Now, the same thing is happening here. We are financing our consumption-based growth today. What we talk about 9% growth, it is entirely based on current account flows coming in and the current account deficit is financed by these capital flows of USD 4 trillion a day because they are greedy. They want immediate returns and for that point they are there.
Our fiscal deficit is growing. So what happens at a time when the US, which is a reserve currency, cannot reroll its debt and the whole global economy is today predominantly invested with the reserve currency, that is the US dollar. That is the biggest risk — if it gets fractured and the whole system falls.
Q: Do you think the worst is over or there is still more to come?
A: There is a huge asset liability mismatch that is taking place. The real assets are provided by mother earth. This is something which we have inherited. The mismatch is the printed fiat money, which finances the global capital flows. They are the liabilities. This asset liability mismatch is growing at a very rapid pace.
As I see it, a bigger crisis may come about perhaps even within my life time — it’s quite possible.
Q: I had read an interview of yours in 2005 where you might have predicted the 2008 crisis. How can we insulate ourselves from global turmoil?
A: I think today the entire national charge world-over is with politicians, bureaucrats, economists and elites. What happens is they are more concerned about their short-term benefits. They want to ignore what is coming — maybe they know what may come about, but they want to keep it aside. The first duty of these who are in charge of the economy is to really inform the people what is coming and some steps should be taken to get into this kind of a social equality which is needed, if we want to avoid revolutions which we are now seeing.
Q: Can you elaborate more on the concerns that you talked about?
A: The first thing would be if abruptly the capital flows stop. We cannot finance the current account deficit. Then the question is that since the natural resources are limited and there is a prediction by scientists that water shortages, food shortages, concerns about climate change — destruction of fauna and flora, deforestation — all these are elements of uncertainty. So how do we contend with it? The public should know about that.
Q: Do you think the premise of the India growth story is flawed?
A: Yes, it is true. Please understand the power of compounding. If we compound at 9%, what can happen? What will be the printed money that we will need to finance it? What will be the inflation and what will be the social attitude of our 75% of the people who earn just dollar a day? What are we doing — have we given a thought to it?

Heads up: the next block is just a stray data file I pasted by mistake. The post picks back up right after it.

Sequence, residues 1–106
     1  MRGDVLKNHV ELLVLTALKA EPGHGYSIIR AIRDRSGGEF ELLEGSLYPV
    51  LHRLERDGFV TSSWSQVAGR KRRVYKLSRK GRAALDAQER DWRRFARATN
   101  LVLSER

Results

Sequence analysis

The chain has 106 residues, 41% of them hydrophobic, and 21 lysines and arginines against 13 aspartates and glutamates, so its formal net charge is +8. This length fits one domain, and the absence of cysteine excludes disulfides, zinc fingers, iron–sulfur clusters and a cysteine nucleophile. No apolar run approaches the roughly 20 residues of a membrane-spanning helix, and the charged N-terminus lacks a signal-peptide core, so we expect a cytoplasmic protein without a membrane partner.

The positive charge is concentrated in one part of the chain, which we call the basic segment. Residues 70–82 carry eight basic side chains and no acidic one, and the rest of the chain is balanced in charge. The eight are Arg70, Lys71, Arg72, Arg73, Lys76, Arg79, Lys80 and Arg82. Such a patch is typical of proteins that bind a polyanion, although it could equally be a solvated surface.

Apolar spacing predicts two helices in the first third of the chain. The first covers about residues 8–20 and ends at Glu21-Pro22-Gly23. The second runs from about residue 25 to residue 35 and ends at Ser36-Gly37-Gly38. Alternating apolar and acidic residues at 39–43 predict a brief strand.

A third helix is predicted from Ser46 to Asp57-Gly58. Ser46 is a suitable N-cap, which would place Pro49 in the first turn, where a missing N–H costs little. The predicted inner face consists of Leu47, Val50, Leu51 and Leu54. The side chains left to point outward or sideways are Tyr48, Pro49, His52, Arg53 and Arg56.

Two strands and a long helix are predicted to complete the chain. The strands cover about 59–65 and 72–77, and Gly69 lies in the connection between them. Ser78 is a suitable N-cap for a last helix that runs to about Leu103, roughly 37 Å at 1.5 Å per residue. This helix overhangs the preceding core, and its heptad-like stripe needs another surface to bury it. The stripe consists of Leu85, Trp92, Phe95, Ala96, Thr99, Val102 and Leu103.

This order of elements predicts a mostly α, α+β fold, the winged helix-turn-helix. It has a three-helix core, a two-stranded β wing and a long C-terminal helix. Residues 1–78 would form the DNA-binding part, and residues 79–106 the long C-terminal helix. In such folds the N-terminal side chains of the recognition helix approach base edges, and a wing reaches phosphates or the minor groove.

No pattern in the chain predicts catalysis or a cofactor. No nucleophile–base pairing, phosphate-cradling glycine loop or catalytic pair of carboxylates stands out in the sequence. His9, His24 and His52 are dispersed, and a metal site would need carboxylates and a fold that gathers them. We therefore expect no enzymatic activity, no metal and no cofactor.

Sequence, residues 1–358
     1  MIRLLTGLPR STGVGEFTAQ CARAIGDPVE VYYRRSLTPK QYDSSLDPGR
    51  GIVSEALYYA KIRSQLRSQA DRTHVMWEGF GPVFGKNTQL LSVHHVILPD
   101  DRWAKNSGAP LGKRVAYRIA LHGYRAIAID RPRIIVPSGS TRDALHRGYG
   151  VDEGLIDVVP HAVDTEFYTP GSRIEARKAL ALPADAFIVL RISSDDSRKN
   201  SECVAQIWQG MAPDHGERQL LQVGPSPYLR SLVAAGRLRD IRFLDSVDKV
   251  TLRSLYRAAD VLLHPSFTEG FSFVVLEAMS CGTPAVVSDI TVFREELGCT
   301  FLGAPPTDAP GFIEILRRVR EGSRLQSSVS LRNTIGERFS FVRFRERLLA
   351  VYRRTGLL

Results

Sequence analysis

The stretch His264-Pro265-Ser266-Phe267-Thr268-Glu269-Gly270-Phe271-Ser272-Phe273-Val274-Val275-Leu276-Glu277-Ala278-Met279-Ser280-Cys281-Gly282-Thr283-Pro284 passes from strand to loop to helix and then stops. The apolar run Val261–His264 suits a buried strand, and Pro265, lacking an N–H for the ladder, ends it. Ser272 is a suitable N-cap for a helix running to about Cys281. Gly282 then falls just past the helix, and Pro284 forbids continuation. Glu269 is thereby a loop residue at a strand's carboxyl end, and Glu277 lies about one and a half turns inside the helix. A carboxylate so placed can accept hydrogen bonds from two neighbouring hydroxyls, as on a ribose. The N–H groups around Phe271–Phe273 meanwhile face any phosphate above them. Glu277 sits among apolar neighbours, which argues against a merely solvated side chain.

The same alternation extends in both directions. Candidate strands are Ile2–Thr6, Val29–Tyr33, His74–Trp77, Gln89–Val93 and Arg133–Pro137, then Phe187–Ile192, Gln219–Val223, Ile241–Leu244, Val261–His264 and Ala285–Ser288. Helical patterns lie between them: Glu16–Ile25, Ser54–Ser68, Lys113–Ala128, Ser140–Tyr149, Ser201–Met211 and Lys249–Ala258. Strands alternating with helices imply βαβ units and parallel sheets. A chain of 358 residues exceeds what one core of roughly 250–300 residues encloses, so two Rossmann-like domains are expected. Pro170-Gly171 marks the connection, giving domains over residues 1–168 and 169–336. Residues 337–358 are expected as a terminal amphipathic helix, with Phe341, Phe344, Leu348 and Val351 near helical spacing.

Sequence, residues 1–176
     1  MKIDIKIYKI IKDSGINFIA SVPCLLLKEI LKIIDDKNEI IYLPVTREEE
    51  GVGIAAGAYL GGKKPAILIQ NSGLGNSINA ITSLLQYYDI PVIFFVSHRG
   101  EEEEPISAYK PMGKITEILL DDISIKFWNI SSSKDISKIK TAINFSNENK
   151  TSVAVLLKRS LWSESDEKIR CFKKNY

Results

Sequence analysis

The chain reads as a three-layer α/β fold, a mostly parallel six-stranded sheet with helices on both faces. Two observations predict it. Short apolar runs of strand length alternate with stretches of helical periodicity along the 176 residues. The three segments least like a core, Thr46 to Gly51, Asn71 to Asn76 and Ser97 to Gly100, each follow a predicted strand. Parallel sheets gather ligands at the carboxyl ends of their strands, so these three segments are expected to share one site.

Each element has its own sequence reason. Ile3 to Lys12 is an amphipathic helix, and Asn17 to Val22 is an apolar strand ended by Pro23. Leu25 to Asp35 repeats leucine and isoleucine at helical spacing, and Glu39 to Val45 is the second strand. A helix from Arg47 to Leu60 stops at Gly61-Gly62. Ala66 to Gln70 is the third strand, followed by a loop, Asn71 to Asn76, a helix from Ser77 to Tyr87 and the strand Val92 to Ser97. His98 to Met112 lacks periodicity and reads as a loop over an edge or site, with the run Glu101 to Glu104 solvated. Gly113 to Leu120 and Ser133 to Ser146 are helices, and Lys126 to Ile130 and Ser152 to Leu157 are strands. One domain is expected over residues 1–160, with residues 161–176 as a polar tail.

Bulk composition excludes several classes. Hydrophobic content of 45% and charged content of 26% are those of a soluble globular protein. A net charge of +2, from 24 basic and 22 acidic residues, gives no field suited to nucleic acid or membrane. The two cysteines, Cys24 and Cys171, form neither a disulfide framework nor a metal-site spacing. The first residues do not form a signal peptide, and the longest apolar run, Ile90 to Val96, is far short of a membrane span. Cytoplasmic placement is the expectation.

Q: How can the world overcome this financial crisis? Should we change our reserve currency and look towards gold etc?
A: The question of gold standard can be put very differently. Today, there is an asset liability mismatch. The assets are what is provided by nature and which cannot be replicated or which cannot be generated. It is what it is. We are just taking it out. The ratio of the printed money in relation to the real resources — this is a new gold standard. That is where we need to go and to go to that particular concept, what we need is a multidisciplinary team.
Q: This should be the job of political leadership of a country. Do you think our political heads will be able to meet these challenges?
A: I will put it this way: what we need at this stage is a call to those who are in-charge of the nation, they will need integrity and integrity is not merely humility. It is courage. They will have to develop the courage to come to the real integrity level. Our leadership is known for its humility, but it should now be known for its courage.
Q: What is your assessment of India Inc?
A: I think it is not the Indian companies alone. This format has gone world-over that every corporate is today interested in what it is now. They are least bothered with what can happen to the retirement funds. The holders of retirement funds have to be paid and if this USD 70 trillion worth of funds get fractured by this macro-economy what can happen. They have to think in that way and that is real corporate responsibility.
Q: Which company or sector would you choose to invest in right now?
A: I wouldn’t like to point out anything in particular. But I have talked about the platform companies where I have a vision. The vision may come true or it may not come true. If it doesn’t come true, even in these difficult times I will be able to stand.
But for that what one needs is high enlightenment and that is number one. Number two is high integrity. Number three is the vision for the value and number four is frugality. These are the four things on which I depend.